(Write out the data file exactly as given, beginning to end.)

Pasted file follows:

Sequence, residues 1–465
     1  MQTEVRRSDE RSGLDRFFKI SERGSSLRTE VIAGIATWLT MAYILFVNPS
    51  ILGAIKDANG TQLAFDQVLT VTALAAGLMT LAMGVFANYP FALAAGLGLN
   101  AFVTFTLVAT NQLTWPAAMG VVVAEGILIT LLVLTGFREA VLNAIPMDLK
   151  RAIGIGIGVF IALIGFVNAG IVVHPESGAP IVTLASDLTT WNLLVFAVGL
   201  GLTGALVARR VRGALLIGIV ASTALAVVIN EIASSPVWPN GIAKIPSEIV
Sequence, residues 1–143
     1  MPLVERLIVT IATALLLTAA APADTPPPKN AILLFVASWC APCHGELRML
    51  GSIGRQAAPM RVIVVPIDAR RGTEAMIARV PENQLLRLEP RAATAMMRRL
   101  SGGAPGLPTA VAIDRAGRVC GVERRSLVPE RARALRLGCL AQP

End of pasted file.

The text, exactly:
Sequence, residues 1–465
     1  MQTEVRRSDE RSGLDRFFKI SERGSSLRTE VIAGIATWLT MAYILFVNPS
    51  ILGAIKDANG TQLAFDQVLT VTALAAGLMT LAMGVFANYP FALAAGLGLN
   101  AFVTFTLVAT NQLTWPAAMG VVVAEGILIT LLVLTGFREA VLNAIPMDLK
   151  RAIGIGIGVF IALIGFVNAG IVVHPESGAP IVTLASDLTT WNLLVFAVGL
   201  GLTGALVARR VRGALLIGIV ASTALAVVIN EIASSPVWPN GIAKIPSEIV
Sequence, residues 1–143
     1  MPLVERLIVT IATALLLTAA APADTPPPKN AILLFVASWC APCHGELRML
    51  GSIGRQAAPM RVIVVPIDAR RGTEAMIARV PENQLLRLEP RAATAMMRRL
   101  SGGAPGLPTA VAIDRAGRVC GVERRSLVPE RARALRLGCL AQP